The outermost archway has stylized leaves, creating a lacy frill around the edges of the masterpiece. The second arch contains what were once sensitively carved depictions of animals from the medieval bestiary, a sort of field guide to animals of the world and of the imagination. Slightly to the right here, I think I see a human trying to tame a standing ape or a bear as well as a large fishy serpent. Separated by paradisaical leaves and a smaller floral band of blue, the innermost arch is thought to be a calendar of sorts. It shows the emblematic human activity of each month of year, such as warming themselves by the fire, sowing, reaping, hunting with a falcon, and going off to war. The archway in total represents all three levels of life: infernal (animals), terrestrial, and celestial. Having passed under so much symbolism, are you ready for the interior?

The first time I visited San Claudio, I walked in and started snapping away at everything inside such a unique space. I took five or six pictures of the more modern parts of the church before the caretaker approached me to say that I was only allowed to take three photos. (Three? Not zero, one, or two, but three? A holy trinity of photos?) I was left with the impression that I would have to return every week for years, taking three pictures at a time, to get all the shots I wanted.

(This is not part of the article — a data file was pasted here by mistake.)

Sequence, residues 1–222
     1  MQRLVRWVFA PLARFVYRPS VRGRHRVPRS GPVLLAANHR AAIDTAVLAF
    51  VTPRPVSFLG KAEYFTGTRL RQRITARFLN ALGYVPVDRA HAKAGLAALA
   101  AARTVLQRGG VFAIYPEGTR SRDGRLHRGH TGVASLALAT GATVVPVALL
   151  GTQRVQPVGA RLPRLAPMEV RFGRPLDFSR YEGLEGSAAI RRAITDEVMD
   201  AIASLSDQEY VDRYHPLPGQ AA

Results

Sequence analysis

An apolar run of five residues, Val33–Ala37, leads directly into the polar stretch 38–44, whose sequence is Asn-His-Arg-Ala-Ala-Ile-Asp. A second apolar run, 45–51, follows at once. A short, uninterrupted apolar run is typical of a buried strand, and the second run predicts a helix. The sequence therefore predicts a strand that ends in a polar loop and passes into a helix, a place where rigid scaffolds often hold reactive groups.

Portable altar, c. 1600 
Only a little later, I came into some of my signature Zamoran luck and found out that the priest at San Claudio also teaches religion at the high school where I teach English. (Religion here means Catholicism for Catholics, not the comparative courses I'm used to in the United States.) The priest was flattered I was interested in his special church, and told the caretakers about me.

Flemish paintings on copper, 1600s
Epiphany and St. Peter released from prison 
The next time I showed up at San Claudio, the caretaker tried to tell me again about the three-photo rule, but I gave my name, said the priest was expecting me and that he'd said I could take all the pictures I wanted. I never knew name-dropping was so much fun! 

Medieval geometric painting in a tomb archway 
The caretaker recognized my name from when the priest had told her about me, and from that moment on, we had a grand time, chatting, appreciating art, and taking a million photos.